Disaffection leaves Tunisians vulnerable to violent extremism


Marginalized Tunisians are vulnerable to radical, often violent ideology in part because they believe they lack viable, nonviolent means of alleviating grievances, according to a new report. Public opinion research from the International Republican Institute’s Center for Insights in Survey Research reveals a nexus between high expectations disappointed by the post-revolution government and continued grievances over issues such as the dearth of economic opportunity, corruption and harassment by security services.

“Unemployment, the lack of responsiveness by local government and the perception of widespread corruption appear to rob vulnerable segments of Tunisia’s population of their sense of agency and self-worth.,” adds the report, which highlights the sources of vulnerabilities to violent extremism. Through in-depth focus group discussions and one-on-one interviews—including with friends and family of extremists who left to fight with groups such as ISIS—IRI identifies recommendations for community-led initiatives to counter violent extremism.

“Despite the great strides towards democracy Tunisia has taken since the Arab Spring, it is one of the largest exporters of foreign fighters to extremist hotbeds like Syria and Iraq,” said Scott Mastic, Regional Director for the Middle East and North Africa. “This research confirms that the belief that there is no effective, nonviolent way to express grievances is being exploited by terrorist recruiters, and proposes innovative, citizen-centered counter-strategies to address this problem.”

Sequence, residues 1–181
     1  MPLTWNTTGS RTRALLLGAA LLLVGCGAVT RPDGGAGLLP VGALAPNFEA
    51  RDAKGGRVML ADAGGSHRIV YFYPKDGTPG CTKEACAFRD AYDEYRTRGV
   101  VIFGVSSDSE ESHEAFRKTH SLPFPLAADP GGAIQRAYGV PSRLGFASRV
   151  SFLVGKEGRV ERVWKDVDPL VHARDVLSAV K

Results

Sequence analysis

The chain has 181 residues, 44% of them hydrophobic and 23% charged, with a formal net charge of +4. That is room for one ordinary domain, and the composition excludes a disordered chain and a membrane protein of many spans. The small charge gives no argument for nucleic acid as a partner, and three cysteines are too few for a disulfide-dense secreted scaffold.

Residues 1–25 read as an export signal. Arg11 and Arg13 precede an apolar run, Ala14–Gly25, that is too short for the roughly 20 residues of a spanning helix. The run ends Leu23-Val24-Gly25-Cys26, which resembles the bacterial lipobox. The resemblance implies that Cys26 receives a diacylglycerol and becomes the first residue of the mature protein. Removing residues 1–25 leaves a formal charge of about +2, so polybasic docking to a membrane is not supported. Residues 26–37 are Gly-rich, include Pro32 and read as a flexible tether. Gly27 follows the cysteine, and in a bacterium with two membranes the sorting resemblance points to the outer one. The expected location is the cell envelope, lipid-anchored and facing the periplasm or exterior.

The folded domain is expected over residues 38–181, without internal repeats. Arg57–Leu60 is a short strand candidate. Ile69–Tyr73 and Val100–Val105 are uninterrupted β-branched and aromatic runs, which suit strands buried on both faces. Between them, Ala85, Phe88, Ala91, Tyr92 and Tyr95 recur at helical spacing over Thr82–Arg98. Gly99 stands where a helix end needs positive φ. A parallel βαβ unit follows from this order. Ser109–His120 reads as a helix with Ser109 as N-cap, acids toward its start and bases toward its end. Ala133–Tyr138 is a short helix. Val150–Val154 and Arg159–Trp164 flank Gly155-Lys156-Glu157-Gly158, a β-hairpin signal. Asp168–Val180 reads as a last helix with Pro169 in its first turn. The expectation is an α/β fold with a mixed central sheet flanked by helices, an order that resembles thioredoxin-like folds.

The insidious connection between corruption and violent extremism operates in a feedback loop, according to Luke Waggoner and Eguiar Lizundia, Senior Governance Specialists at IRI, a core institute of the National Endowment for Democracy: as violent extremism rises, governments with questionable democratic credentials opt to maintain the status quo rather than undertake needed democratic and anti-corruption reforms, in the interest of shoring up state-level “stability.”

In Tunisia, violent extremist organizations have found a fertile recruitment base among marginalized groups who feel left behind by the country’s embattled elected leaders and remnants of the authoritarian-era security apparatus.

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